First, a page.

In all of Jane Austen’s novels, her heroines need to be properly introduced; apart from anything else, it establishes their social credentials. Emma’s friendship with Harriet Smith is important in giving Harriet an entrée into Highbury society – something which Harriet, a mere parlour–border with a dubious pedigree, could never have done on her own. 
A lover from 'The Ladies' Pocket Magazine'
Anne Elliot is entirely dependent on the Musgroves to re-introduce her to Captain Wentworth; to include her in the outing to Lyme; and on Lady Russell to take her to Bath. Lady Russell can travel where she likes, but then, she’s the widow of a well-to-do knight and has her own private carriage. Unmarried ladies, like Anne, have very little opportunity to be proactive.
Lastly, Jane’s other piece of advice to her niece is well-known but is worth repeating: You are now collecting your people delightfully, getting them exactly into such a spot as is the delight of my life; 3 or 4 Families in a Country Village is the very thing to work on… I hope when you have written a great deal more you will be equal to scratching out some of the past. The scene with Mrs Mellish, I should condemn; it is prosy & nothing to the purpose…. One does not care for girls till they are grown up.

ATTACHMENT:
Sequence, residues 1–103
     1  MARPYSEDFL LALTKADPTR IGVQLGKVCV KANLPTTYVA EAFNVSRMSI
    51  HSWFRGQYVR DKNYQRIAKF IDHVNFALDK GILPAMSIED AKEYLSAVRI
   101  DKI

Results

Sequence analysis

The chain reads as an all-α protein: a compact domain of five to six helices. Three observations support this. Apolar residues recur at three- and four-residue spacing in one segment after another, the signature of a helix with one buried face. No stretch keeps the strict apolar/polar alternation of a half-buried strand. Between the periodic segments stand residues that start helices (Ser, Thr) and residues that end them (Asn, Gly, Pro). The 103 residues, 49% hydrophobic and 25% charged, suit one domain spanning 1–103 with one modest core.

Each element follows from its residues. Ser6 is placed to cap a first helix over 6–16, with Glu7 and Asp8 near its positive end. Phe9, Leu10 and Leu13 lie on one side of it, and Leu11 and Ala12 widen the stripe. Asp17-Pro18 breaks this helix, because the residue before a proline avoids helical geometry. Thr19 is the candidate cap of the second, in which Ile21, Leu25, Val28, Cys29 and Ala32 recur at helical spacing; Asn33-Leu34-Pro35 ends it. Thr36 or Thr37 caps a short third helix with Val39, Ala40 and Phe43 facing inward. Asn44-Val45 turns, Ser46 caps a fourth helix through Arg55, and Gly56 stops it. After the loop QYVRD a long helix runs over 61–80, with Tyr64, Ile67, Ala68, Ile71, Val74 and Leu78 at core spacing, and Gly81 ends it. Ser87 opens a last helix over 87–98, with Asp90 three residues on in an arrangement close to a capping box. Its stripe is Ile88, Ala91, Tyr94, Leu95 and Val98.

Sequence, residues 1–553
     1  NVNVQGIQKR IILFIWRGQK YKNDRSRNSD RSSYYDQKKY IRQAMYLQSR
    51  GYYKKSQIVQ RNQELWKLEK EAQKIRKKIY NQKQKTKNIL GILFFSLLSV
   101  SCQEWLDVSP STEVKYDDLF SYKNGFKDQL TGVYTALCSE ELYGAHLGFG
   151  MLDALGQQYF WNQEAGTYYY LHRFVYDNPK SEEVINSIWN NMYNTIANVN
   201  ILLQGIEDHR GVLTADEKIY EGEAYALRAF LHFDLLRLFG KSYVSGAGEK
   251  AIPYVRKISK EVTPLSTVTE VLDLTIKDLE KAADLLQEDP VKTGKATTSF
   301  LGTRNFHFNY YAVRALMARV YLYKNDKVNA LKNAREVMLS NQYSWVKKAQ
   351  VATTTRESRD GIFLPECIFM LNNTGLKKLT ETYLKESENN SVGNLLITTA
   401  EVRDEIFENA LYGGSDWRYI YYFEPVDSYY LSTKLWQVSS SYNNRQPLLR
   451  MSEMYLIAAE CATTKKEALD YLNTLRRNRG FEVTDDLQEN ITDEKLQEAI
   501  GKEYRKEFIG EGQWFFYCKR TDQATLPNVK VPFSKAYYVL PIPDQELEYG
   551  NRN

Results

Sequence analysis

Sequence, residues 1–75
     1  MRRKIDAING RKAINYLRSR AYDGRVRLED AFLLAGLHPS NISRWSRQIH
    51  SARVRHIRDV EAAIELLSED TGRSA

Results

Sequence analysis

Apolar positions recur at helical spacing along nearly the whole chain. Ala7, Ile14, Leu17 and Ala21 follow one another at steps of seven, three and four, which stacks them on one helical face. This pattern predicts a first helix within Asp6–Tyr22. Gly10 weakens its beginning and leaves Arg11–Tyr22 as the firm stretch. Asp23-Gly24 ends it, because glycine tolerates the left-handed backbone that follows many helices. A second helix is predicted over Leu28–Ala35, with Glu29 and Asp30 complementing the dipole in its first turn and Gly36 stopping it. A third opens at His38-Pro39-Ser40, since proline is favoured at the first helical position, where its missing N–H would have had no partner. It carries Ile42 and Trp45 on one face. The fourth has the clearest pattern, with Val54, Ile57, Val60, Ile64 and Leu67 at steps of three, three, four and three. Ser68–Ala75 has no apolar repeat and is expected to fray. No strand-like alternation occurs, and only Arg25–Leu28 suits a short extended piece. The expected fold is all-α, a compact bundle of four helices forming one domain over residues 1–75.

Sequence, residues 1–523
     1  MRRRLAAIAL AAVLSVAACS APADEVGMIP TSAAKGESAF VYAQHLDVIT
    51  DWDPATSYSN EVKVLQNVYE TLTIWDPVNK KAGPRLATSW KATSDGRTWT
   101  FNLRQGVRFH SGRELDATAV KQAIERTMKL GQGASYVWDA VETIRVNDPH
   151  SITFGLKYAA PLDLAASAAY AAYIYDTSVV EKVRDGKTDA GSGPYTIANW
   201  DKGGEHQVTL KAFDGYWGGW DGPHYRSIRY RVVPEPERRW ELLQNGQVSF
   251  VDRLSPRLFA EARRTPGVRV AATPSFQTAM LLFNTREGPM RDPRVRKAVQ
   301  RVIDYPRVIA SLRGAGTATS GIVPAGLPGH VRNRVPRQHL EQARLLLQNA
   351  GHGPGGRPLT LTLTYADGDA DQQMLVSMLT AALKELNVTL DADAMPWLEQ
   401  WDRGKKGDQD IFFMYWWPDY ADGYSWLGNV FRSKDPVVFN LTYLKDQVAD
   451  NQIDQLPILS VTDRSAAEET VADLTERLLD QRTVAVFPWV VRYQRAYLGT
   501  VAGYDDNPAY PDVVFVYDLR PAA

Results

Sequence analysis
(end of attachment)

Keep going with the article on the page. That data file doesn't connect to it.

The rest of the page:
Frontispiece from 'Correspondence between a Mother and Daughter' by Ann Taylor, 1817
How many of us write scenes which we realize, in the cold light of morning, are ‘prosy & nothing to the purpose’. Another earlier comment: ‘till the heroine grows up, the fun must be imperfect’ is odd, considering that 1814 was the year when Mansfield Park came out, the only novel where Jane Austen shows us her heroine, Fanny, as a child.
Sadly, Anna did not fulfil her literary ambitions – apart from a couple of short stories and a novella published in the 1840s. A few months this exchange of letters with her aunt, she married the Reverend Benjamin Lefroy. He died in 1829 leaving her with seven children and very little money, which may explain why she abandoned Which is the Heroine? and later burnt it.  
But we owe her a debt of gratitude for giving us a glimpse into how Jane Austen constructed her novels and what she thought was important.
Elizabeth Hawksley